By Robbie Owens

DALLAS (CBSDFW.COM) – The nation’s nursing shortage was a crisis brewing before COVID-19 arrived. And now soaring case numbers — coupled with the economics of supply and demand — are pushing many hospitals into a financial situation that some call “unsustainable.”

“We are seeing the nurses leave their regular full time jobs to chase those rn (as needed) traveller positions because of the salaries that are offered to them,” says Cori Snarr, HR manager at Hunt Regional Medical Center in Greenville. “And that makes it hard on the hospitals to get back to having a full staff.”

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Ongoing staffing shortages forced the Hunt Regional Medical Center to temporarily close its Commerce emergency room in order to shift staff to its larger hospital in Greenville: blaming a combination of too many patients, not enough staff and costs soaring to hire temporary nurses.

And it’s a situation that’s playing out around the state.

“I am faced with a workforce who is tired, overworked and constantly under siege,” says Esmaeil Porsa, MD, President & CEO, Harris Health System.

Dr. Porsa testified along with Parkland’s Chief Medical Officer Dr. Joseph Chang before a state Senate committee on the surge earlier this week. “I have lost staff to fatigue and retirement. I have lost staff to COVID infection, and I have lost staff to unfair, ridiculously high paying jobs by temporary staffing agencies.”

Dr. Porsa told lawmakers that his costs for temporary medical staff has increased exponentially during the pandemic, sharing “we were approached by a temporary agency demanding a rate of $286 an hour… for nursing staff.”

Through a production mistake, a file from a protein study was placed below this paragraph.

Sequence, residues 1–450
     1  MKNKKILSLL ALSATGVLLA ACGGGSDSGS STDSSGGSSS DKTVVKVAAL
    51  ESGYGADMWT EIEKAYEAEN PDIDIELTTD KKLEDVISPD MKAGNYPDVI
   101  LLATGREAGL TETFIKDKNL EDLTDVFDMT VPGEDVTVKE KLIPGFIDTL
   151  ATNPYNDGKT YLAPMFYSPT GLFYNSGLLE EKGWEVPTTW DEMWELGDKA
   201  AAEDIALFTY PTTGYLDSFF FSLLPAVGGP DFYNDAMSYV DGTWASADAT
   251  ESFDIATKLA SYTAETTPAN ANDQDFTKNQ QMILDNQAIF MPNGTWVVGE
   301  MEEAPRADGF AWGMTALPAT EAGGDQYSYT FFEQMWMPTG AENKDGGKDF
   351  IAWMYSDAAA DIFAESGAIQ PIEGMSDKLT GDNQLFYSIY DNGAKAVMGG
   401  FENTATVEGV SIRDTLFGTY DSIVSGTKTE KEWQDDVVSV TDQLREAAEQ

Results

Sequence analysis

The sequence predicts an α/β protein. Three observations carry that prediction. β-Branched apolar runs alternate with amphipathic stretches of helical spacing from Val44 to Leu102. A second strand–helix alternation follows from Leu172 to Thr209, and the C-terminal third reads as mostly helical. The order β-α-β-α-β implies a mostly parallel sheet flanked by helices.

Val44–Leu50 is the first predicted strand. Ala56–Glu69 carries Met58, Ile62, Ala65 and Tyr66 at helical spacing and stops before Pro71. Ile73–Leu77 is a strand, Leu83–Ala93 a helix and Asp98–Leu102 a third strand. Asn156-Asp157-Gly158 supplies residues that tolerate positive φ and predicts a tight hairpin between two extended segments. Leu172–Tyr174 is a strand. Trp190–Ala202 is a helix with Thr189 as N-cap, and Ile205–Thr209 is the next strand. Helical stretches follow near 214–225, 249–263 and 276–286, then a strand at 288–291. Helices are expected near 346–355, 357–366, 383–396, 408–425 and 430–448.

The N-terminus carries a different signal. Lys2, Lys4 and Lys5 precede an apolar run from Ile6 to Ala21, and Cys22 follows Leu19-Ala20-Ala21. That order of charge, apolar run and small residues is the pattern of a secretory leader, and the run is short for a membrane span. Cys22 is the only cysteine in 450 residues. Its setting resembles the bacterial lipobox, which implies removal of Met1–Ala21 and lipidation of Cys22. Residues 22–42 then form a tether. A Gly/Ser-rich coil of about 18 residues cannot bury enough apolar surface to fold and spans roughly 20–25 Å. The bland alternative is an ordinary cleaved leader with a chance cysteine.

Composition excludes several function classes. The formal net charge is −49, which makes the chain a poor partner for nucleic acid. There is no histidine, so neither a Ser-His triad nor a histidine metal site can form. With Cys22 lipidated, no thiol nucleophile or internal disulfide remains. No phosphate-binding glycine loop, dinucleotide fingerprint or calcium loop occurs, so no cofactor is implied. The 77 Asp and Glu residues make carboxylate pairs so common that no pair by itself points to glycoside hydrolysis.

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“Staffing needs are real, and they impact everyone,” says Stephen Love, President & CEO of the DFW Hospital Council. “They may go to the emergency room and say ‘my goodness, I didn’t know I’d have to wait this long.’ You’re being impacted even though you’re being treated for a non covid condition.”

Parkland’s Dr. Chang told lawmakers this week that he has some 470 nursing positions that he has been unable to fill — and the staffing shortages have forced the hospital in recent weeks to divert maternity patients to other hospitals and pause some preventative care.

“I had to make the difficult decision to close certain clinics that are providing vital primary care, preventative care to bring staff in to work the more acute areas,” said Dr. Chang. “That’s an exponential effect! If I can’t stop disease on the front end, they will eventually come to the hospital and need more acute care, and that’s not good for anybody. Least of all our patients.”

Other Parkland leaders compared the soaring salaries to disaster pricing.

“The market and traveler agencies are driving up salaries,” says Donna Richardson DNP, RN, NEA-BC, Senior V.P. & Chief Nursing Officer Parkland Health & Hospital System. “Parkland can’t compete and can’t find staffing to cover our nursing needs. It’s like buying gas in a hurricane. It just keeps going up.”

And while the soaring salaries are a challenge for hospital systems, other leaders warn that the emotional toll of this post-vaccine surge also driving some staffers from the field.

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“I talked to a CEO just the other day or who had a nurse who had worked a double shift and just sat down and cried,” says Stephen Love, DFW Hospital Council, “because of the loss of life, because of the fatigue and because so much of this could be avoided if people would get vaccinated.”